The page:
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Re: Epanterias and Breviparopus

 > I take your point but, in sticking with an senior synonym or, worse still,
 > resurecting a long dead one, the reserector must give a valid reason why
 > they reject the synonomising in the first place. How does Bakker jutify
 > this or doesn't he bother?

He has a very narrow generic concept - that is how he justifies it.
 > >Bakker is what is called a "splitter" in taxonomic parlance.  That
 > >is he splits organisms into more lower level groups than most other
 > >workers. For instnce he splits Stegosaurus into two genera!!  ...
 > Yeh, I know about splitters and lumpers, having been accused of being both
 > with my work on croc (no rest for the wicked!). But splitting or lumping is
 > a fundementally different activity than resurecting oly synonyms, unless,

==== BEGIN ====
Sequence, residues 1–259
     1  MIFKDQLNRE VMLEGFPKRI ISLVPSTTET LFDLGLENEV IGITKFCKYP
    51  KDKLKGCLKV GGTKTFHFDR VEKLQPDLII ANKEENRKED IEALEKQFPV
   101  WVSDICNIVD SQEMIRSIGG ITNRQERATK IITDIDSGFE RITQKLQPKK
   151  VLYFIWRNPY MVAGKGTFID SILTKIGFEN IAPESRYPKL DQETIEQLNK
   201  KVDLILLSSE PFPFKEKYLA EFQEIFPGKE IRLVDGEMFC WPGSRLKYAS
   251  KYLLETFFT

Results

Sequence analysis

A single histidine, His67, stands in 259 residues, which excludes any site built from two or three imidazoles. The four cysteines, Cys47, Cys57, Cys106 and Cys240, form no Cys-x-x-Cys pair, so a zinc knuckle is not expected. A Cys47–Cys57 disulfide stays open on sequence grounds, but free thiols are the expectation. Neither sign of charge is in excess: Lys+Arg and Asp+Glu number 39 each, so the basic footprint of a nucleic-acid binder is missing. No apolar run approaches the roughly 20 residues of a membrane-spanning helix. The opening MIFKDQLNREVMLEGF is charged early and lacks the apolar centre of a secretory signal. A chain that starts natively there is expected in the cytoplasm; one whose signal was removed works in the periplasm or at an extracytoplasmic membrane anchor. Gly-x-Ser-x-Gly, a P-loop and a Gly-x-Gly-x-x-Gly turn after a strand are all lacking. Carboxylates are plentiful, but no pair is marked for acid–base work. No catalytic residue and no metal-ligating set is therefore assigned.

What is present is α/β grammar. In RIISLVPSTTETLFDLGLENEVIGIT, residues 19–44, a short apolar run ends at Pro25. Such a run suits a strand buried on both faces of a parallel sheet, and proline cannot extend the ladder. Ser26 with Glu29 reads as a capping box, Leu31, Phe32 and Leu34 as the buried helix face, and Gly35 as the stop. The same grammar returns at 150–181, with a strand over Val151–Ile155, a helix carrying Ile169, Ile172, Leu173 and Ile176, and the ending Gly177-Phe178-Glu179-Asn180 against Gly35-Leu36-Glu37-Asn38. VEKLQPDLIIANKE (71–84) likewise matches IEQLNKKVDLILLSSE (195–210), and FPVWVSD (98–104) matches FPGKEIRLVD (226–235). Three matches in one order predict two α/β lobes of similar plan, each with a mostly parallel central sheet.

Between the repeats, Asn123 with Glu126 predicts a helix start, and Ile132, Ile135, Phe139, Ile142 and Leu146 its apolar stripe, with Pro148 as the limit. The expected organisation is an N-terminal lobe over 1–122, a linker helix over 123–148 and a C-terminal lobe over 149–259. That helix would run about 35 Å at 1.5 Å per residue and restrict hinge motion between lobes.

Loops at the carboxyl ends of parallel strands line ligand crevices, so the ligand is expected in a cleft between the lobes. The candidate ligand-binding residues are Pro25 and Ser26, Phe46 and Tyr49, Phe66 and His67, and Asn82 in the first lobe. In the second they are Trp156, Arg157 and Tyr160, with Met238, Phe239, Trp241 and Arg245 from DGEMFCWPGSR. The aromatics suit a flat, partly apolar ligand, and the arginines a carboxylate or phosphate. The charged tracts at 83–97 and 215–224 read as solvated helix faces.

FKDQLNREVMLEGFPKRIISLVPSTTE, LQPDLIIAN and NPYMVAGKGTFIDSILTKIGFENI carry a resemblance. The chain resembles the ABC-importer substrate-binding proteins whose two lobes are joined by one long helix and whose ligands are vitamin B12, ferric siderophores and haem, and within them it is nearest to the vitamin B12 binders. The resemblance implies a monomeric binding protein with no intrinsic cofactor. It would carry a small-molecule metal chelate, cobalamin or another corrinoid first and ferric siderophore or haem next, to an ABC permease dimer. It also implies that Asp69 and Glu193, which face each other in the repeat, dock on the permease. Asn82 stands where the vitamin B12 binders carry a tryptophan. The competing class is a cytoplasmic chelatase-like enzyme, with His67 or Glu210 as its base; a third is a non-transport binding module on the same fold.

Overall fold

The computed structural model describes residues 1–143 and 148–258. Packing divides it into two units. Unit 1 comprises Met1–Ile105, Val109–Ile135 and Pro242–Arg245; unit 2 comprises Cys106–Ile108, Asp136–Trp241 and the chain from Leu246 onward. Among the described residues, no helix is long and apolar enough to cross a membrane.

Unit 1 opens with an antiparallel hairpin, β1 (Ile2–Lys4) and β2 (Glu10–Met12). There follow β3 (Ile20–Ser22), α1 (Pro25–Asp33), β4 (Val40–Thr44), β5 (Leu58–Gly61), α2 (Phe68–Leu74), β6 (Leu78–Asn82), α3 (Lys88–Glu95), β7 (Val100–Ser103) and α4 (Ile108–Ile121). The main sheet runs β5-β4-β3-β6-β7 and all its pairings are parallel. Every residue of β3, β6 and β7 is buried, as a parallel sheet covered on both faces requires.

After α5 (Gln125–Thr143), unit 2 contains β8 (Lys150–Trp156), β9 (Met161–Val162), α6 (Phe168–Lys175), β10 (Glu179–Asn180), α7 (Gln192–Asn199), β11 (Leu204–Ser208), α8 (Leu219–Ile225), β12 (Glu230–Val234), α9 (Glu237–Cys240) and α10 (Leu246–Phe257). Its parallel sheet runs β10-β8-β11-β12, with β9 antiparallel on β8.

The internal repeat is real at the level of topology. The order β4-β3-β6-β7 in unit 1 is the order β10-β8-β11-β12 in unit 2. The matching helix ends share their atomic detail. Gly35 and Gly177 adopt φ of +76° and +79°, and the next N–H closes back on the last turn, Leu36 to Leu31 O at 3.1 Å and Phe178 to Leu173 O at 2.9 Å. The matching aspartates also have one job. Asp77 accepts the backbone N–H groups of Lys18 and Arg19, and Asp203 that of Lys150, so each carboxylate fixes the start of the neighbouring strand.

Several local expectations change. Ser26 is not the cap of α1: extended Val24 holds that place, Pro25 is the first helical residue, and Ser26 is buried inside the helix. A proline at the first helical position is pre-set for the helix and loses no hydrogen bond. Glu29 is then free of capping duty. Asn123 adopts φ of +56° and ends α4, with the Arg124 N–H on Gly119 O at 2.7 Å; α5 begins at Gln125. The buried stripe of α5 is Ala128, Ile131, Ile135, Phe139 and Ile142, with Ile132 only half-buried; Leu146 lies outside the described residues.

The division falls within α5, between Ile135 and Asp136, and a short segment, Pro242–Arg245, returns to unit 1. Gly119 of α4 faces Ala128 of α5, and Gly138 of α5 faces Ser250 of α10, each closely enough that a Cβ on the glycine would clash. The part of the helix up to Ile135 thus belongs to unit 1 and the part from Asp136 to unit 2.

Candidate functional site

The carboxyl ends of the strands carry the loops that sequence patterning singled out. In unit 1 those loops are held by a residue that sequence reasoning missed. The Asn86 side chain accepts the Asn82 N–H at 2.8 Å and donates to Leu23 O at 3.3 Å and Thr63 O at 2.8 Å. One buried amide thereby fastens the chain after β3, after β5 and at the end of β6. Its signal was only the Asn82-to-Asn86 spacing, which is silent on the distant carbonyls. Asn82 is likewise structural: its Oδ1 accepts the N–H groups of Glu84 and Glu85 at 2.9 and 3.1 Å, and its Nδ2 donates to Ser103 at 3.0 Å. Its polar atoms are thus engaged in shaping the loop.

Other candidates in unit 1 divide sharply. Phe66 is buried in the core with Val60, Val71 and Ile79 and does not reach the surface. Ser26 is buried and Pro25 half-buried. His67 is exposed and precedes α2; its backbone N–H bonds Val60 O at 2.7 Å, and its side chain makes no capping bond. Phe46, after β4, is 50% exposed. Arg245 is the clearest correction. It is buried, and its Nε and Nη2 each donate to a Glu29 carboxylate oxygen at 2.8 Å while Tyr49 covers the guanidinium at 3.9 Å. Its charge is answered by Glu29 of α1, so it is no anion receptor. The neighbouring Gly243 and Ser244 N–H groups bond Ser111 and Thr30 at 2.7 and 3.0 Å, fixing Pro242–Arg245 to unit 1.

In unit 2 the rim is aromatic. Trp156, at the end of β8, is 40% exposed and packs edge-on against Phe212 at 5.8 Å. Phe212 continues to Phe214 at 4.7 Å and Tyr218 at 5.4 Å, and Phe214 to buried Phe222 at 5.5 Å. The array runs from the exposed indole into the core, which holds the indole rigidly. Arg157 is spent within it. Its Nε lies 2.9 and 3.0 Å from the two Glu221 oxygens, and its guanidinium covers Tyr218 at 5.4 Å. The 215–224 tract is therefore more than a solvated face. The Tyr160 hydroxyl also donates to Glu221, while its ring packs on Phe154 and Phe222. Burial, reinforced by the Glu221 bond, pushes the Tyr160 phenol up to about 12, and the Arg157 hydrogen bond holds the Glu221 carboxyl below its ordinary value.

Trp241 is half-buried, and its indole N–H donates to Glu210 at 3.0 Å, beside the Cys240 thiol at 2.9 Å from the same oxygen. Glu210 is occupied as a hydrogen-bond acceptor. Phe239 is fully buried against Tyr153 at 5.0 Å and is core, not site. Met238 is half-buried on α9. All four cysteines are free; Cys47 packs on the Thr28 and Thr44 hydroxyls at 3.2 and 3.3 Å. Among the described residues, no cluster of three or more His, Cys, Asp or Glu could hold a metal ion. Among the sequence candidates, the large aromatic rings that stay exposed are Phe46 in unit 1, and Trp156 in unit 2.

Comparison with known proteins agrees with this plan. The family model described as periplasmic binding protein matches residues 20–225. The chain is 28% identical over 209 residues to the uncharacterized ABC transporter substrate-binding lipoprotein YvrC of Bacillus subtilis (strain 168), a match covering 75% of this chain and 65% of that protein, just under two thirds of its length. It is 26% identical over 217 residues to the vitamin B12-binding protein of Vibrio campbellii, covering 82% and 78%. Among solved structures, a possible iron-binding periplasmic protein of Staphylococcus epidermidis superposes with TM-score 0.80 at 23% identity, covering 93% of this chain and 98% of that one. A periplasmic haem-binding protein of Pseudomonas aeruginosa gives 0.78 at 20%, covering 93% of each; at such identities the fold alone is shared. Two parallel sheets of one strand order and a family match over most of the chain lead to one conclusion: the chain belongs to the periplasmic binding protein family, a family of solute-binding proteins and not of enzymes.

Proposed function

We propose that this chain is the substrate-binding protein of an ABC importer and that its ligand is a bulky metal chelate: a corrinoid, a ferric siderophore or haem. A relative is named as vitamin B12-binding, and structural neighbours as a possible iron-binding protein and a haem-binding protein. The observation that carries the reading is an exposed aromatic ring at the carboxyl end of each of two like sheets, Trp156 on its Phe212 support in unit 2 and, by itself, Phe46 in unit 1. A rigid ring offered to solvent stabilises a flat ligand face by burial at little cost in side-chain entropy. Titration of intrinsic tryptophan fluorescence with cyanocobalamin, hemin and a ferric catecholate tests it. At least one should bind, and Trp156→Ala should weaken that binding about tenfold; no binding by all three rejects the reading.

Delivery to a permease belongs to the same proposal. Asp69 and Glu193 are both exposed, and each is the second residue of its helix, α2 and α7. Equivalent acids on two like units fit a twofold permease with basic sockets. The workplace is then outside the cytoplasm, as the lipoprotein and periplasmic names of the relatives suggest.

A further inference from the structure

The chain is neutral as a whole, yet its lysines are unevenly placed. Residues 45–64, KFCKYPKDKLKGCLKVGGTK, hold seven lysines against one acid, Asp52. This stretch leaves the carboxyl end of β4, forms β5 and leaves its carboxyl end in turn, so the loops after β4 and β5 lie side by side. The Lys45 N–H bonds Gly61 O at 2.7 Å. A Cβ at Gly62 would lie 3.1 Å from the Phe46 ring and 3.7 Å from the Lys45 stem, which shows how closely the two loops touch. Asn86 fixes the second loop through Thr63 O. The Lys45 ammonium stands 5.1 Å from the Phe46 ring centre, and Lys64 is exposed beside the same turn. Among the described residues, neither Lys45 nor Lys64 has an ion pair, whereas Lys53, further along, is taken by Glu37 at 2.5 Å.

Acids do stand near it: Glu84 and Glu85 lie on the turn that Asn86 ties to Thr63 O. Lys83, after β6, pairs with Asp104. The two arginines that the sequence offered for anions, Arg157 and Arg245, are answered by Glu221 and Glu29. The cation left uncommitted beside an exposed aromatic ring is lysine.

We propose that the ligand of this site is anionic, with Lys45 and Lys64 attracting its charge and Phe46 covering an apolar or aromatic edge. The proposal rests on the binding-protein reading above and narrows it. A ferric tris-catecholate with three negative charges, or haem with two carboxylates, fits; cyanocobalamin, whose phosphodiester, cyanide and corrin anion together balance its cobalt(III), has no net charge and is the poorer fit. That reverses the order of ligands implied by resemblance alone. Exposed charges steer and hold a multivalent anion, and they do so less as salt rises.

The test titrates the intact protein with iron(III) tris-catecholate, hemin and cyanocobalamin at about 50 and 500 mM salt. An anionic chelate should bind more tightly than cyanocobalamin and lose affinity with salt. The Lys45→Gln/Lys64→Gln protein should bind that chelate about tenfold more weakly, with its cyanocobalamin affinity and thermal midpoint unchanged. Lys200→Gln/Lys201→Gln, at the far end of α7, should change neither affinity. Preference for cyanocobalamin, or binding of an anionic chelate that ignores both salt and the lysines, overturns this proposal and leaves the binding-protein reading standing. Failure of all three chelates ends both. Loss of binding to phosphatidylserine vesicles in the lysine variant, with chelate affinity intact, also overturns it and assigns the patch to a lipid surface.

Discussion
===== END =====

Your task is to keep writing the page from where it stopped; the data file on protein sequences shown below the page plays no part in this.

> ofcourse, a splitter proceeds by using spent synonyms, which is what I
 > gather you are saying about Bakker.

Pretty much, yes.
In fact the rules of nomenclature can *require* the use of a junior
subjective synonym when the type specimen of that synonym is included
in the split off taxon.

Note, his splitting mostly takes the form of seperating slightly
divergent species into seperate genera.  This is what he did with
Diracodon (from Stegosaurus).  In fact the two species he put in
Diracodon look like they are really only one species, so Diracodon
simply reduces to a species of Stegosaurus!  Similarly, Epanterias
is simply the largest species of Allosaurus.

[In fact Bakker's generic concept seems to be close to the "broad"
species conept that many other paleontologists are leaning towards].

I am (or try to be) middle of the road on genera, and tend towards
lumping (mildly) on species.

swf@elsegundoca.attgis.com              sarima@netcom.com

The peace of God be with you.